If you or your spouse is age 65 or older, you can deduct eligible assisted living expenses even if they do not meet the criteria above. To claim the deduction, you must itemize your deductions on Schedule A of your federal income tax return.
Requirements for Assisted Living Facilities to be Tax Deductible
As mentioned above, in order for your assisted living expenses to be tax-deductible, they must meet two requirements:
The expenses must be incurred for the primary purpose of medical or dental care.
This is an important distinction, as many assisted living facilities provide services that are not primarily for medical or dental care, such as meals, laundry, and housekeeping. While these services may be important to you or your loved one, they do not meet the criteria for tax deductibility.
The expenses must not be reimbursed by insurance or other sources.
This is also an important distinction, as many assisted living facilities accept private insurance and/or Medicaid. If your assisted living expenses are reimbursed by either of these sources, they are not eligible for tax deduction anymore.
How Does a Tax Deduction Help?
The purpose of the tax deduction is to help offset the cost of long-term care. Long-term care is defined as a type of care that is required for an extended period. It can be custodial, which helps with activities of daily living such as bathing and dressing, or it can be skilled, which helps with medical needs such as wound care.
To be eligible for the tax deduction, you must have paid for long-term care services for yourself, your spouse, or a dependent. You can only deduct the amount of your expenses that exceed a certain percentage of your adjusted gross income.
What Part Of Assisted Living Payments Are Tax-Deductible?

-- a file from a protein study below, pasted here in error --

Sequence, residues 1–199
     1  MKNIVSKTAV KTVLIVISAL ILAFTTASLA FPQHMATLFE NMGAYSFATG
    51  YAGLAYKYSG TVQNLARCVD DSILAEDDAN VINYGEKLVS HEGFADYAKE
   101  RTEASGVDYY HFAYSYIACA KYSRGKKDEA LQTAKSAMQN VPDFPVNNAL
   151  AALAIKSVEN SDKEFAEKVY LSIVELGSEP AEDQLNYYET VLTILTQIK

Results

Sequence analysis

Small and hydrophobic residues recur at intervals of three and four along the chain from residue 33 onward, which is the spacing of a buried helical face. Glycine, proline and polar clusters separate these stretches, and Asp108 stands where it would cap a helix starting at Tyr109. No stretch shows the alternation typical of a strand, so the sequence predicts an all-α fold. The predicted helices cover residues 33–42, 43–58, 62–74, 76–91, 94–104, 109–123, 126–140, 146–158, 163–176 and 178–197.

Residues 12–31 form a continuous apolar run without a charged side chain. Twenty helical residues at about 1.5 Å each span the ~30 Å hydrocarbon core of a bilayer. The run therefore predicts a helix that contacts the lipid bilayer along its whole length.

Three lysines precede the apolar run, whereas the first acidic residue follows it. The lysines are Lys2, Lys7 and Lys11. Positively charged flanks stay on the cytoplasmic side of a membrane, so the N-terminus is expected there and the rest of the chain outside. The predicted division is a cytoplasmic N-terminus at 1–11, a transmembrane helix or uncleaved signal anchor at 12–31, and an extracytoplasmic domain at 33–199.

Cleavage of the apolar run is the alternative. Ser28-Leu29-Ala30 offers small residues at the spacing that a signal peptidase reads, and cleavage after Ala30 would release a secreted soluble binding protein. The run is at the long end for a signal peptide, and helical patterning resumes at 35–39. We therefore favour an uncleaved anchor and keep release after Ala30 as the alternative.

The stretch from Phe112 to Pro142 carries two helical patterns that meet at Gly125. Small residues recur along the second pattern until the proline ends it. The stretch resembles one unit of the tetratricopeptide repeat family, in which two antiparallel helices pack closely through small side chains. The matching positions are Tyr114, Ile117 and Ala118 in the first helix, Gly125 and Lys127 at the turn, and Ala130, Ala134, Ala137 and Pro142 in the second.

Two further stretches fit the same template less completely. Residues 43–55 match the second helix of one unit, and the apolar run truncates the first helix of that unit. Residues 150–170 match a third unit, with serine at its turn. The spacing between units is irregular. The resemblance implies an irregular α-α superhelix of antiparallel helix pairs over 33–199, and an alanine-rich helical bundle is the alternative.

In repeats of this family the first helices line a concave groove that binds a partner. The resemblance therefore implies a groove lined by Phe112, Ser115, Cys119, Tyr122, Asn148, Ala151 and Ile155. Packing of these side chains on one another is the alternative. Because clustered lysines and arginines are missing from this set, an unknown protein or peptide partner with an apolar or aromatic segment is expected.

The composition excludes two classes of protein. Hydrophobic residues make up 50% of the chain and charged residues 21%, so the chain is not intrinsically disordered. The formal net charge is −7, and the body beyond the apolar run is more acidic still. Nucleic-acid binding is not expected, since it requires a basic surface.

Now that we’ve answered the question, “is assisted living tax-deductible?” it’s time to take a look at what part of your assisted living payments may be eligible for a deduction.
As we mentioned earlier, in order for any of your assisted living expenses to be considered tax-deductible medical expenses, they must exceed the IRS’s threshold of 0.075 or 75%. So, if your total medical expenses are $50,000, only expenses exceeding $3,750 would be eligible for a deduction.
This might include:
- The cost of care provided by an assisted living facility
- In-home care services
- Transportation costs related to medical appointments
- Prescription medication
Generally, only the medical expenses that you pay for yourself, your spouse, or a dependent are eligible for the deduction. This is because the IRS views these expenses as necessary and, as a result, they fall under the umbrella of tax-deductible medical expenses.
Assisted living expenses are tax-deductible, but there are certain conditions that must be met in order for the deduction to be eligible. It’s important to speak with a tax professional to ensure that you are taking advantage of all the deductions for which you are eligible. This way, you can maximize your tax return and keep more of your hard-earned money.